This study says 83% of church funding doesn’t go to charity but to administrative expenses. I haven’t looked at it closely, but I am not surprised. This is why I think there need to be taxes, because private charity just dissent work.
“Why you ultimately can’t be allowed to believe whatever you want without facing criticism.”
(I’ll be paraphrasing Sam Harris here.)
I just want to contradict part of a common hippy logic that we should be allowed to believe in fantasies if they make us happy, or if we are weak and need them to survive. It often goes that they think that anyone who is invested in crapping on their fantasies is an a-hole. Undoubtably there are a-holes, but I think many of us do it benignly because we recognize the danger of bad ideas and if you will be living in the same society as everyone else, then your beliefs and their potential consequences are not an entirely private matter. If you’re going to vote, then it’s not just about you anymore, and you need to grow up and enter the arguments and face the music that you don’t want to hear. Most atheists do not enjoy inflicting emotional distress by telling vulnerable Christians that there is no Santa Clause, but there’s a kind of moral responsibility that can’t be ignored.
If each of us lived apart in our own prison cells, then there would be no harm in believing whatever we want. But there is obvious potential harm from letting someone live within fantasies which we can liken to having a bugged operating system. You never know when the vulnerability will be exploited. The people will also vote and if they don’t know what they are doing then their actions will affect everyone else. Often there doesn’t seem to be any immediate harm in letting someone believe a falsehood (such as that the Earth is flat.) However, since you can never be sure of what the future holds lies are not good in the long-term even if they’re convenient. Because a flaw that seemed harmless can suddenly become significant when the world changes, such as when scientists made findings in STEM cell research, and then the religious conservatives turned reactionary and slowed down science because no one fixed their religious operating system.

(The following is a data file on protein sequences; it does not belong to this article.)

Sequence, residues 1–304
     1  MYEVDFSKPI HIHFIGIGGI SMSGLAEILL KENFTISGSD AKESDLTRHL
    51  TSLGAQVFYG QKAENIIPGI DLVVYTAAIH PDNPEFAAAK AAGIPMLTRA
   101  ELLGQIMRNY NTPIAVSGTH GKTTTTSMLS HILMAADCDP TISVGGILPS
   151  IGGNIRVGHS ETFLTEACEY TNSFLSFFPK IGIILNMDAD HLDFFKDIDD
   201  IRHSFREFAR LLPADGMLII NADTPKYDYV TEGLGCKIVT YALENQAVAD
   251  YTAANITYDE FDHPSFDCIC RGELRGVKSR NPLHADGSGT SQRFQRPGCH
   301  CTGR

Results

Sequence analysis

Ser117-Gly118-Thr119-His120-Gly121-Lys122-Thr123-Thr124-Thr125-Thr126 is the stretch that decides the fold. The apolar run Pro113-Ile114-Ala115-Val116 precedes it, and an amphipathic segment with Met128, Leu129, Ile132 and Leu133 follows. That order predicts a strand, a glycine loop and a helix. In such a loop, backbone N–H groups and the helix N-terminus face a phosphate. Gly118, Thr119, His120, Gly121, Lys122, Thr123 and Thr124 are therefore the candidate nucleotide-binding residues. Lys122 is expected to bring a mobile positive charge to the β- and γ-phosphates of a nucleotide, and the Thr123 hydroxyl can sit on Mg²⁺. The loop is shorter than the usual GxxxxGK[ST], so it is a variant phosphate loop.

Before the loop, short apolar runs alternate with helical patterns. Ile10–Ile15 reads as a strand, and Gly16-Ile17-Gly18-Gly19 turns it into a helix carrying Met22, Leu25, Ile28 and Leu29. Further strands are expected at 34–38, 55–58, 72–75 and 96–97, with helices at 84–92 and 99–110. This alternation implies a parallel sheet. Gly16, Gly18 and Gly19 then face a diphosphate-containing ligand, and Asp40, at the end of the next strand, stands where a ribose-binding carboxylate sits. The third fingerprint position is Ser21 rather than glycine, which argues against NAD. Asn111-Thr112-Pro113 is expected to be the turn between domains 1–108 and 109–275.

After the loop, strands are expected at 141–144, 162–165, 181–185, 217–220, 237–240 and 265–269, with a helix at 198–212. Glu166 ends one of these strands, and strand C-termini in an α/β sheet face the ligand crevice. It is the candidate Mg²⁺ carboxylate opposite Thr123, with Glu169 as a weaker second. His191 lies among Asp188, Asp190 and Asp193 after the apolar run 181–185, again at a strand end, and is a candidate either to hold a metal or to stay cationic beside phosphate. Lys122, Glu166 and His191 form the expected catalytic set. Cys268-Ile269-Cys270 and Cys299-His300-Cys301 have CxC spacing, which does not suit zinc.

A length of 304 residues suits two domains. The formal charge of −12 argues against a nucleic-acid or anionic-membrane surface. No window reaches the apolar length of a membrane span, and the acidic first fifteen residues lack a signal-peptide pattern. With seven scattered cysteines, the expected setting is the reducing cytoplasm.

Christians would be much better of believing there isn’t such a being, and you’ll be able to see a much more complicated world. Unfortunately, their belief system makes it so that you can discover there really isn’t any debate. Because you simply aren’t going to convince someone that has convinced themself that everything you say that is contrary to their conviction is part of a coverup–as with every argument you’ll have with a flat-earther.
Just your Sunday reminder that many (most?) Christian Zionists don’t support Israel because they like Jews, but because they think it will bring about the return of Jesus and the end of the world, when everyone but themselves, including Jews, will be sent to Hell.